MADRID -- Alberto Contador's win in the Tour of Spain on Sunday confirmed him as the world's top stage racer after his victories in the 2007 Tour de France and this year's Giro d'Italia.
Born 25 years ago in Pinto, a dormitory town near Madrid, Contador first got serious about bike racing at age 15 when his brother Fran, an amateur racer, lent him a bike.
Convinced of his own potential, Contador packed in his university studies and rode as an amateur with the prestigious Iberdrola squad.
Contador's climbing skills as a young rider earned him the nickname Pantani, after the Italian winner of the Tour de France in 1998, Marco Pantani.
He showed all-round talent when he took his first professional win in 2003, the time-trial stage of the Tour of Poland.
Contador's career took a setback in 2004 when he suffered a cavernoma -- a vascular disorder in the brain -- and needed six months to recover.
Back on the bike in January 2005, Contador rode his first Tour de France the same year, finishing 31st.
Contador's team were barred from the 2006 Tour because of the Operacion Puerto anti-doping investigation. The rider himself was cleared of any wrongdoing.
In the 2007 Tour, after taking a mountain-top stage win in the Pyrenees, Contador inherited the yellow jersey when Dane Michael Rasmussen was kicked out of the race.
The Spaniard proved himself a worthy winner when he defended his lead in the final time trial against Australian Cadel Evans, and clinched his first victory in a three-week stage race.
After signing for Astana in 2008, Contador once more was barred from riding the Tour because of doping scandals in the Kazakh team dating from 2007.
When Astana were given a last-minute invitation to the Giro in May, the Spaniard bounced back with a stunning victory in cycling's second-iggest stage race.
Contador's win in the Tour of Spain four months later makes him the fifth rider and first Spaniard to take all three major Tours.
Only Jacques Anquetil and Bernard Hinault of France, Eddy Merckx of Belgium and Felice Gimondi of Italy have pulled off the so-called 'grand slam.'
Contador said on Saturday that winning all three major Tours will change his life forever.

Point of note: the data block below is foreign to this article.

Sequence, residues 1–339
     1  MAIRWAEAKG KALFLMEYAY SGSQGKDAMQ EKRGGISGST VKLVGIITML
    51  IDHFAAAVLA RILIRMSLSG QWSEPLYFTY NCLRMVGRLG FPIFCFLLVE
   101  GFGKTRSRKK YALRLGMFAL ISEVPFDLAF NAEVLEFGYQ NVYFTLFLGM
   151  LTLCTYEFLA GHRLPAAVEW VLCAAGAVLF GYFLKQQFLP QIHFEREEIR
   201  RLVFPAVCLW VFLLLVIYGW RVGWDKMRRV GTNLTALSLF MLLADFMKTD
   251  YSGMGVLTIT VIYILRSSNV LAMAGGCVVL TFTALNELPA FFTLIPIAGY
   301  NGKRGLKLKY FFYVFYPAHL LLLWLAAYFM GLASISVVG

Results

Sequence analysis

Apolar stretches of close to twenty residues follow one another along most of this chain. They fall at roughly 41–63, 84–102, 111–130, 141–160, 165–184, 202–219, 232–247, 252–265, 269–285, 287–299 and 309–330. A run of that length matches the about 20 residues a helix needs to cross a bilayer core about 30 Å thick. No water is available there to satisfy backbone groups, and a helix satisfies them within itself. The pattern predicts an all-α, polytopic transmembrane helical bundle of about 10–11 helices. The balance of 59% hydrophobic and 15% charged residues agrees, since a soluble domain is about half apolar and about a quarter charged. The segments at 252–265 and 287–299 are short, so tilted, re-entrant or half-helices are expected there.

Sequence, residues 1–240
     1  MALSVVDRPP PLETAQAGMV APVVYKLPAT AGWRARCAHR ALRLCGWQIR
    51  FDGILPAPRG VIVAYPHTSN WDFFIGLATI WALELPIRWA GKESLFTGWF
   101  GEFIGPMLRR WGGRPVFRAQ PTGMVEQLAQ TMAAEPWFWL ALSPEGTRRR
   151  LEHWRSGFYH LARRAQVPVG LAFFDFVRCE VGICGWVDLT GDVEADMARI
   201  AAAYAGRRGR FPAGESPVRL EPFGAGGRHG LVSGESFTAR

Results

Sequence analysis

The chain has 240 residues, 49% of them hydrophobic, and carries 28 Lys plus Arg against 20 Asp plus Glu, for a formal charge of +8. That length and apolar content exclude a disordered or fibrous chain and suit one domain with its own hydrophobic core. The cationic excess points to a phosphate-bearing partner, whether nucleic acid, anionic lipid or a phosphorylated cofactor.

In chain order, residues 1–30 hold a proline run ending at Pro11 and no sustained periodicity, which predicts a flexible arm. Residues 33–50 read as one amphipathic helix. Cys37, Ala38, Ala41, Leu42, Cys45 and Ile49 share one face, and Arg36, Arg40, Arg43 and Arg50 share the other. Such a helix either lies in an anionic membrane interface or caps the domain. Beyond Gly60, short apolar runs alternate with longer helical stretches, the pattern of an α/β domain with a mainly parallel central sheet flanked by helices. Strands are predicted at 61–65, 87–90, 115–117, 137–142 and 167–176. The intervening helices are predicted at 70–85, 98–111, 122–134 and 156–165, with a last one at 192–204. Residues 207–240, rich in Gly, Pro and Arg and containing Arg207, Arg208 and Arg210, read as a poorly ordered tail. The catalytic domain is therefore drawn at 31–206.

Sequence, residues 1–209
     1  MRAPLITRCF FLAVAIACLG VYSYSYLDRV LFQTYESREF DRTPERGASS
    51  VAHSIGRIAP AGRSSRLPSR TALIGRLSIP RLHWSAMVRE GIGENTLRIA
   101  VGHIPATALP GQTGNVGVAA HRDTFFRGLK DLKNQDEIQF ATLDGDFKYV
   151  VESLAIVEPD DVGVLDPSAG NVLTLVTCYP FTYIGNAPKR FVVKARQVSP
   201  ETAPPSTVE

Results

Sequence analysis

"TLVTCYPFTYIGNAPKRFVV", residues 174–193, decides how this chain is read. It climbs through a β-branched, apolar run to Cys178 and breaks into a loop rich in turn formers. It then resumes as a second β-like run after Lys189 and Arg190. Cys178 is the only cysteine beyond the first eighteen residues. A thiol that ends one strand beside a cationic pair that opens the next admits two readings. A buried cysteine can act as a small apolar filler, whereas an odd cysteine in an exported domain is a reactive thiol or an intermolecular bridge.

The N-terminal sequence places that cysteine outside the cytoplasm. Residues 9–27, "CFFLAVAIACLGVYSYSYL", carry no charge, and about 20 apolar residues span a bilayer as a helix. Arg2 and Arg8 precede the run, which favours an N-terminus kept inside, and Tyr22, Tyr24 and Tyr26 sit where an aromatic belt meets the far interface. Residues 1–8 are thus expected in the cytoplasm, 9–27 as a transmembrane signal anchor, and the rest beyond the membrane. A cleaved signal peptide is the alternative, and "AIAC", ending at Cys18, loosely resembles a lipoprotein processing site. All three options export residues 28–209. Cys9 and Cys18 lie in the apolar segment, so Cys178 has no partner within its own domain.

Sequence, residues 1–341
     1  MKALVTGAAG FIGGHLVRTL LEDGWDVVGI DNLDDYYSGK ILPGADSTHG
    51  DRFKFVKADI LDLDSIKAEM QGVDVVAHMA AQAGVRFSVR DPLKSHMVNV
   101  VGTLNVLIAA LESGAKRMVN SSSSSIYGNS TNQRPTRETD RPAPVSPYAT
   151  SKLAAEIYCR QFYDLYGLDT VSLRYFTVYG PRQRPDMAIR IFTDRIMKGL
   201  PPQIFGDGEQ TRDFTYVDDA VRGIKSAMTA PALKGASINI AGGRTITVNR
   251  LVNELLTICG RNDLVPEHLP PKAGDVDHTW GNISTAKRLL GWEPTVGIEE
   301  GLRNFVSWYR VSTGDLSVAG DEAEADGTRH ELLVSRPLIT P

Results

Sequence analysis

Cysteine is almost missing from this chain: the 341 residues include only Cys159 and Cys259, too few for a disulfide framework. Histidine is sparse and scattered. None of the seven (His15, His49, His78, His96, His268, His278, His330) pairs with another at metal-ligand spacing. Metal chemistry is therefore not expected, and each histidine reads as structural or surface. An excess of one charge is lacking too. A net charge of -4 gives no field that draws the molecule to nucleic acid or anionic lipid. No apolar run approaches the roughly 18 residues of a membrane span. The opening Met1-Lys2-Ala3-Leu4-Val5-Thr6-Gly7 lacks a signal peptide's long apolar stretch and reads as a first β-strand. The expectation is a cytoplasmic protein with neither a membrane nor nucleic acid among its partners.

It "will make for a truly exceptional year, one that will change my life forever", he told reporters after stage 20.
Having already won the 2007 Tour de France and 2008 Tour of Italy, Contador's victory in the Tour of Spain means he completed the so-called 'grand slam' in 15 months.
No rider has done it in such a short period of time.
"I'm still not thinking about it too hard, although I'm really happy to have achieved this," said the 25-year-old from the town of Pinto, near Madrid.
"I just want to go on winning races, and now I've taken the three biggest victories that a rider with my particular talents can win."
"I'm always going to be the rider to beat in every event I take part in, but I'm not too worried about that. I'm not obsessed with success."
Asked to compare his victories in cycling's biggest three stage races, the Astana rider said: "The Tour de France was the one that had the biggest impact on my life."
"I suffered a lot to win the Tour of Italy, the climbs there are the hardest in the world, but the fans were brilliant."
"Then riding the Tour of Spain was like a real homecoming, you know what to expect."
"Thanks to my victory here, I'm now a member of a very special group."
Contador recognized that winning the Vuelta, after his triumph in the Tour of Italy, had capped an exceptional year for Spanish cycling.
Spaniard Carlos Sastre won the Tour de France and compatriot Samuel Sanchez claimed the Olympic Games road-race gold.
"It's Spanish cycling's best moment ever," Contador said. "But it's not due to anything special, it just happens to be an exceptional generation of riders."
Contador's American teammate Levi Leipheimer finished second in the Tour of Spain after winning the stage 20 time trial on Saturday.
"We controlled the race very intelligently, from day one." Leipheimer told reporters.
"First and second shows how strong we were as a squad, but Alberto deserves the victory. He was under a lot of stress and he came through well."
Third in the same race in 2001, Leipheimer remains the only American to take a top-three placing in the Tour of Spain.